This case demonstrates that direct extracranial-intracranial bypass failure can infrequently originate from the STA donor vessel and that superselective angiogram can be useful for identification and treatment in such cases. With more advanced endovascular techniques the tide has turned in the treatment of complex cerebrovascular cases, with this case being an early example of successful rescue stenting for endovascular management of a failed donor after STA-MCA bypass.
Kathryn M. Wagner, Visish M. Srinivasan, Aditya Srivatsan, Michael G. Z. Ghali, Ajith J. Thomas, Alejandro Enriquez-Marulanda, Abdulrahman Y. Alturki, Christopher S. Ogilvy, Maxim Mokin, Anna L. Kuhn, Ajit Puri, Ramesh Grandhi, Stephen Chen, Jeremiah Johnson and Peter Kan
With the increasing use of flow diversion as treatment for intracranial aneurysms, there is a concomitant increased vigilance in monitoring complications. The low porosity of flow diverters is concerning when the origins of vessels are covered, whether large circle of Willis branches or critical perforators. In this study, the authors report their experience with flow diverter coverage of the lenticulostriate vessels and evaluate their safety and outcomes.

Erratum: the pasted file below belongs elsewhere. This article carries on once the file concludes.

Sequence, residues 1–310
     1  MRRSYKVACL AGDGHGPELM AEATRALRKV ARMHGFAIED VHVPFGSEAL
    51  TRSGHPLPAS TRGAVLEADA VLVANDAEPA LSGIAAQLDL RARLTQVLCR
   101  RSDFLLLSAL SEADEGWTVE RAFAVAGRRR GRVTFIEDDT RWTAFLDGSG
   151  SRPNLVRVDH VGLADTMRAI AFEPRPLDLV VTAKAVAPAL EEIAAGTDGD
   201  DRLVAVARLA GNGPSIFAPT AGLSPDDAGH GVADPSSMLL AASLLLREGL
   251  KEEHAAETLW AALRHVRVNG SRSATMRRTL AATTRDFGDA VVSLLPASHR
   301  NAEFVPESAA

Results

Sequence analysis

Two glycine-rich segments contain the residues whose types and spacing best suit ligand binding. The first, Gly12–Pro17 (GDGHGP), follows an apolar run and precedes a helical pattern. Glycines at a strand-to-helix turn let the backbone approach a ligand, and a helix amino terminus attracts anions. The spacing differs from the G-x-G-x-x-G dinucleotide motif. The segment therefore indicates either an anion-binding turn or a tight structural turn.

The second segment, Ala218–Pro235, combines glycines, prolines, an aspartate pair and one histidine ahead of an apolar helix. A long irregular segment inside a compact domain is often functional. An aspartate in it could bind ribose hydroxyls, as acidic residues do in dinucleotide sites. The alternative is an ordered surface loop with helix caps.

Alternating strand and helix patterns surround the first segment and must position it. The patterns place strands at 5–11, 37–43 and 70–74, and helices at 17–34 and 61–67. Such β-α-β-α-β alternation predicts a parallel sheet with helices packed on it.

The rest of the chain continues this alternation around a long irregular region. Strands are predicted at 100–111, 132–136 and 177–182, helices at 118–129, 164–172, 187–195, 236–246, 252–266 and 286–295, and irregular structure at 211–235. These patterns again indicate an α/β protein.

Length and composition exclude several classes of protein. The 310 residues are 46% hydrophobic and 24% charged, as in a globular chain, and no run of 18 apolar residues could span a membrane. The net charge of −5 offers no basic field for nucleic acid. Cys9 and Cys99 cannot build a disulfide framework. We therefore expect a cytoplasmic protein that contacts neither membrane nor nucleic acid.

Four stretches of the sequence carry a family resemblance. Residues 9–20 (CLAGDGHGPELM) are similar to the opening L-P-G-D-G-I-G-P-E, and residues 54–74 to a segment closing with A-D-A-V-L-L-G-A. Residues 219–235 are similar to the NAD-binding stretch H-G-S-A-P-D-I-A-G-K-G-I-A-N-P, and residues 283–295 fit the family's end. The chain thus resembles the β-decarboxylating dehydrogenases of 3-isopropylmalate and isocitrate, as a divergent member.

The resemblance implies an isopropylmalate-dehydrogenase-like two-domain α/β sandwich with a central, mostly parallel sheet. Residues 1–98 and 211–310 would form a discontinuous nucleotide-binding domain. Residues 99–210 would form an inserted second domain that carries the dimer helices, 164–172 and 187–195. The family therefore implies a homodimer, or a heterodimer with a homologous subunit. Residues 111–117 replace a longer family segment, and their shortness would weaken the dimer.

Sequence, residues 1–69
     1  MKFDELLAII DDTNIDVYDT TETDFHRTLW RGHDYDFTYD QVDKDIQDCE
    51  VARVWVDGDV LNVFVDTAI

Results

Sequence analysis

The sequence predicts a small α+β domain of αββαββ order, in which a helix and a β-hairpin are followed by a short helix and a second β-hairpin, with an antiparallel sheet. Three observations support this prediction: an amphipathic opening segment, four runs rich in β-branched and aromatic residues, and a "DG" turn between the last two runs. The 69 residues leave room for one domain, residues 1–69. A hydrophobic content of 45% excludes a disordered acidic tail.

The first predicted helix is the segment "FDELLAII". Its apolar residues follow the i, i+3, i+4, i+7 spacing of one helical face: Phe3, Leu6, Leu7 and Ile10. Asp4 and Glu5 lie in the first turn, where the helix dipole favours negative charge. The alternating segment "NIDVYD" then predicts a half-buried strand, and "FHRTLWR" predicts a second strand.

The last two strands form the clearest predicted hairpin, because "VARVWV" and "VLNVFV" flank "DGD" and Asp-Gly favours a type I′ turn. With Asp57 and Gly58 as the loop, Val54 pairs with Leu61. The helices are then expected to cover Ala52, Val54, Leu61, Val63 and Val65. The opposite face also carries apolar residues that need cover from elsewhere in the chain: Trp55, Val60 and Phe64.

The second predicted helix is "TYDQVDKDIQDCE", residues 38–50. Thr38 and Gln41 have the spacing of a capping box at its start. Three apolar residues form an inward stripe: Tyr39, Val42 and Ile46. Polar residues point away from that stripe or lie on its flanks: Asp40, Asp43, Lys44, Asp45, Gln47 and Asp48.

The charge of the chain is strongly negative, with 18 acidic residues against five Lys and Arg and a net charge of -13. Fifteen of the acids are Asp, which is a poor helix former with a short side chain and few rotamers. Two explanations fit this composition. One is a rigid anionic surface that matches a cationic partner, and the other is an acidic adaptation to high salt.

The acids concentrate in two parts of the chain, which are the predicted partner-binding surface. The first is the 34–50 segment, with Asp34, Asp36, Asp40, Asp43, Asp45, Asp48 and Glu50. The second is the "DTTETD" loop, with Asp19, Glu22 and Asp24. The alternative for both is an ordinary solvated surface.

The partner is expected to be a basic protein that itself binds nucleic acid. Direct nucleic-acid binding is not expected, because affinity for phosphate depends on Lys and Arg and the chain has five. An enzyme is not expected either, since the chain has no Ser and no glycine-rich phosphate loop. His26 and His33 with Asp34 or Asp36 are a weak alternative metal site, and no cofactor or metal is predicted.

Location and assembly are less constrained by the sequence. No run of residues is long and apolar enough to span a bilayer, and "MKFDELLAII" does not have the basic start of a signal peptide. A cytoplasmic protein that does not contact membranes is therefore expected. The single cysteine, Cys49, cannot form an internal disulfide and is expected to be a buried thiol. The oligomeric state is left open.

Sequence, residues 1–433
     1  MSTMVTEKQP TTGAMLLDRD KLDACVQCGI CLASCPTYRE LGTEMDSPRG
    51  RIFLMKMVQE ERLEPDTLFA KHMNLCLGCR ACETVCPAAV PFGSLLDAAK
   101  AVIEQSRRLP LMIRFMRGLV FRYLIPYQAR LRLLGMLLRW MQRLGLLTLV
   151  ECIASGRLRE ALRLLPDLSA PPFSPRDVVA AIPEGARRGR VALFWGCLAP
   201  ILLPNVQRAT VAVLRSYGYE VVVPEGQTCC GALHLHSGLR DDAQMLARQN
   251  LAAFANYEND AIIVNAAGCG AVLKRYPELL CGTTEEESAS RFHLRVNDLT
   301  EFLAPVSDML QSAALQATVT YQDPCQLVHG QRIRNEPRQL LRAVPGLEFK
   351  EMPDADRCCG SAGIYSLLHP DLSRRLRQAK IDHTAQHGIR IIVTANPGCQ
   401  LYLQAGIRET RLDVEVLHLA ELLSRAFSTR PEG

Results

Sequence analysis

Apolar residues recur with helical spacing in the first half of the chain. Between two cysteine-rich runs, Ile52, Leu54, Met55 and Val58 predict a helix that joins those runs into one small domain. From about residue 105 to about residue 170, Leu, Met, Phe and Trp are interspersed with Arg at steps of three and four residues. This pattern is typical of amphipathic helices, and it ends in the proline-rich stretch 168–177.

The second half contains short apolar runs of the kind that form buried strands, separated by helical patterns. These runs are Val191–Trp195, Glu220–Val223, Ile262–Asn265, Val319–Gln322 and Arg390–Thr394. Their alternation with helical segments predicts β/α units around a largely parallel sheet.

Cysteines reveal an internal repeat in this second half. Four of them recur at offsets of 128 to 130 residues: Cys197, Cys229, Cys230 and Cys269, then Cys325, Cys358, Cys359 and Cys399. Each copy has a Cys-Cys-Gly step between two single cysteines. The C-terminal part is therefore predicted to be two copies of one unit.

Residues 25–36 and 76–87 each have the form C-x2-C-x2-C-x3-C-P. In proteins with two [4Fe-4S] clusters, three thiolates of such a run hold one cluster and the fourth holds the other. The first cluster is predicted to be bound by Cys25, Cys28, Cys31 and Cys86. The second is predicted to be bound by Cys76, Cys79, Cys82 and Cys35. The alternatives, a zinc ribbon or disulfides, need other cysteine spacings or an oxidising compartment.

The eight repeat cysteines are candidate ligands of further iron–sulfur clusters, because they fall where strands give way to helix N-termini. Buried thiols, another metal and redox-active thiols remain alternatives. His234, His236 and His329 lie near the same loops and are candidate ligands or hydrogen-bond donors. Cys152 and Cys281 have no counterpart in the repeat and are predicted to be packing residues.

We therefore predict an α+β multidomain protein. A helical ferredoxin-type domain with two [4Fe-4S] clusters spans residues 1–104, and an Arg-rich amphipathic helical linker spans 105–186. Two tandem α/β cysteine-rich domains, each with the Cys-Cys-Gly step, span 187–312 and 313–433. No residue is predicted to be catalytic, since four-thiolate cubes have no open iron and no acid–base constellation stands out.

The authors retrospectively reviewed 5 institutional databases of all flow diversion cases from August 2012 to June 2018. Information regarding patient presentation, aneurysm location, treatment, and outcomes were recorded. Patients who were treated with flow diverters placed in the proximal middle cerebral artery (MCA), proximal anterior cerebral artery, or distal internal carotid artery leading to coverage of the medial and lateral lenticulostriate vessels were included. Clinical outcomes according to the modified Rankin Scale were reviewed. Univariate and multivariate analyses were performed to establish risk factors for lenticulostriate infarct.
Fifty-two patients were included in the analysis. Postprocedure cross-sectional images were available in 30 patients. Two patients experienced transient occlusion of the MCA during the procedure; one was asymptomatic, and the other had a clinical and radiographic ipsilateral internal capsule stroke. Five patients had transient symptoms without radiographic infarct in the lenticulostriate territory. Two patients experienced in-stent thrombosis, leading to clinical MCA infarcts (one in the ipsilateral caudate) after discontinuing antiplatelet therapy. Discontinuation of dual antiplatelet therapy prior to 6 months was the only variable that was significantly correlated with stroke outcome (p < 0.01, OR 0.3, 95% CI 0–0.43), and this significance persisted when controlled for other risk factors, including age, smoking status, and aneurysm location.
The use and versatility of flow diversion is increasing, and safety data are continuing to accumulate. Here, the authors provide early data on the safety of covering lenticulostriate vessels with flow diverters. The authors concluded that the coverage of these perforators does not routinely lead to clinically significant ischemia when dual antiplatelet therapy is continued for 6 months. Further evaluation is needed in larger cohorts and with imaging follow-up as experience develops in using these devices in more distal circulation.